Publicist Joann Killeen may have been ready for the worldwide attention brought by her client - a jobless, single mother of octuplets - but she was not prepared for the avalanche of death threats that followed.
Killeen, president of the Killeen Furtney Group, which has represented octuplets mother Nadya Suleman, announced Saturday the public relations firm would be stepping down because of death threats.
Killeen also said the mother now has an agent: Wes Yoder, the same man who arranged book and music deals for the McCaughey septuplets a decade ago and publicity for controversial pastor Rick Warren.
The firm was ending its free representation after receiving at least 100 graphic e-mailed threats and swarms of nasty voicemails that went to the Los Angeles agency and even to some of its other clients, Killeen said.
Some messages threatened Suleman but others were aimed at her spokespeople.
"They'd put me in the wood chipper and throw me in the bottom of the ocean and hope I die," Killeen said.
"We've gotten her through the worst part of it and now they are putting their venom and anger toward us," Killeen said.
Word that the 33-year-old single unemployed mother is receiving public assistance to care for the 14 children she conceived through in vitro fertilization has stoked furor among many people.
West Los Angeles police are investigating the threats.
"We've never had a public reaction to us representing a client pro bono like this, ever," Killeen said.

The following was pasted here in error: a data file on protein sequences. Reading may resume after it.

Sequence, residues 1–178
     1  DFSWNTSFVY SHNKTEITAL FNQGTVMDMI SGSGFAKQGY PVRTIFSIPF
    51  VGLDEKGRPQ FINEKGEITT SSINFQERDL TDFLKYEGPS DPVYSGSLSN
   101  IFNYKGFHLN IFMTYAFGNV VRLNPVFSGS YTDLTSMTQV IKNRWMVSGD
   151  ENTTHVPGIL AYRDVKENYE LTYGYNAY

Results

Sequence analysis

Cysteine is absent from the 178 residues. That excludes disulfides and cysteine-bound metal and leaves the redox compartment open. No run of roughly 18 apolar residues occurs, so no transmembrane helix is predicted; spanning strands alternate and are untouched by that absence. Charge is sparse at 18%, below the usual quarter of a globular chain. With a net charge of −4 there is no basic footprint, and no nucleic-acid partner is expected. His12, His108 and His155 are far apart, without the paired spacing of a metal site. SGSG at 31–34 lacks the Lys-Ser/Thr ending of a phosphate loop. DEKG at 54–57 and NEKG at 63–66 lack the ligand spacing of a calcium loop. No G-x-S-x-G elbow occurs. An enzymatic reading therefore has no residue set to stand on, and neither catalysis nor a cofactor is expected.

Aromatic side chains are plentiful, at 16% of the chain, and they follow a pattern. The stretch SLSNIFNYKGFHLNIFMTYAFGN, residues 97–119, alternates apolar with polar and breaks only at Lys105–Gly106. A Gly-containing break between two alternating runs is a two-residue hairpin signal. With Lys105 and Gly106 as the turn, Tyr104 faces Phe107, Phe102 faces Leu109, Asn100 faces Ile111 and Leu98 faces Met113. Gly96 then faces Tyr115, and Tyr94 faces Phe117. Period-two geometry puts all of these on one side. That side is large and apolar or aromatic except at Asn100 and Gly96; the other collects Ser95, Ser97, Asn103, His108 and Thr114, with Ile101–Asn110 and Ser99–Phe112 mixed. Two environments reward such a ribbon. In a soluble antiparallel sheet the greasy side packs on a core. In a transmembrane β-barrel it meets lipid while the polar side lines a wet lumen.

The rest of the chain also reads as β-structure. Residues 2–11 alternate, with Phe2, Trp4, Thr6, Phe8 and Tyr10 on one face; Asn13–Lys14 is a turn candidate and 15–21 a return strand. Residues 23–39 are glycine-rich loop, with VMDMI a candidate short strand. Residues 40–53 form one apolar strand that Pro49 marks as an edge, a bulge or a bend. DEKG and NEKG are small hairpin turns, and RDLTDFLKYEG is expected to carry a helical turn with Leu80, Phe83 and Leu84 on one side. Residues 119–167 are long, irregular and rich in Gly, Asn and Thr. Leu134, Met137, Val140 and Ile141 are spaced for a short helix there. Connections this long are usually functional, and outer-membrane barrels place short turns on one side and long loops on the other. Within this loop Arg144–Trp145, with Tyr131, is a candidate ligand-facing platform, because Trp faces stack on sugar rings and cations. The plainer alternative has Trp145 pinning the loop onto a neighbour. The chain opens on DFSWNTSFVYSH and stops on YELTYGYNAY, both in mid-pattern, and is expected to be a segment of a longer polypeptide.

But longtime Hollywood publicist, Michael Levine, said he's come to expect it with his line of work and gets about one death threat a month.
"Death threats have about as much impact on my life as me saying 'Happy Valentines' to you," said Levine, adding that he received multiple threats when he represented Michael Jackson. "It's like going to war. When you represent someone who's going through this kind of controversy you are in the middle of a September 11 kind of intensity."
Suleman, who gave birth last month, is living at an undisclosed location. She has set up a Web page to accept donations to help the octuplets, who remained hospitalized.
Meanwhile, Killeen said Suleman told her that she had reached an exclusive representation deal with Yoder.
His Ambassador Agency, Inc., bills itself as the oldest Christian-based talent agency in the United States.
The agency, which has a Nashville mailing address and a street address in Franklin, Tenn., promotes speaking engagements, publicity and media deals for clients.
Killeen said the agreement with Yoder and her agency's decision to step down were unrelated. She had not yet contacted Yoder and was unclear on the specifics of Suleman's deal with him, Killeen added.
A call and e-mail left for Yoder on Saturday were not immediately returned.
A decade ago, Yoder was the spokesman and agent for Bobbi and Kenny McCaughey, the Iowa couple who had the world's first surviving septuplets on Nov. 19, 1997. They were later involved in book, music and TV commercial deals.
He also has represented Rick Warren, pastor of the evangelical Saddleback Valley Community Church in Lake Forest and best-selling author of "The Purpose Driven Life." Warren gave the invocation at President Barack Obama's inauguration - a choice that drew criticism from gay activists because Warren supported last year's successful California ballot initiative that outlawed same-sex marriages.
By Associated Press Writer Robert Jablon